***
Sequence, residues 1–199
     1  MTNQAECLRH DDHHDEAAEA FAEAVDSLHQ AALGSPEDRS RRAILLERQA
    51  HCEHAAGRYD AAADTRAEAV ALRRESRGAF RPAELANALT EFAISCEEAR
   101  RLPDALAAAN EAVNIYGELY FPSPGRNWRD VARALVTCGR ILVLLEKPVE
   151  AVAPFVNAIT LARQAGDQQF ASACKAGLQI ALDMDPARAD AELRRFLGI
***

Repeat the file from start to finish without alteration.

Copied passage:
Sequence, residues 1–199
     1  MTNQAECLRH DDHHDEAAEA FAEAVDSLHQ AALGSPEDRS RRAILLERQA
    51  HCEHAAGRYD AAADTRAEAV ALRRESRGAF RPAELANALT EFAISCEEAR
   101  RLPDALAAAN EAVNIYGELY FPSPGRNWRD VARALVTCGR ILVLLEKPVE
   151  AVAPFVNAIT LARQAGDQQF ASACKAGLQI ALDMDPARAD AELRRFLGI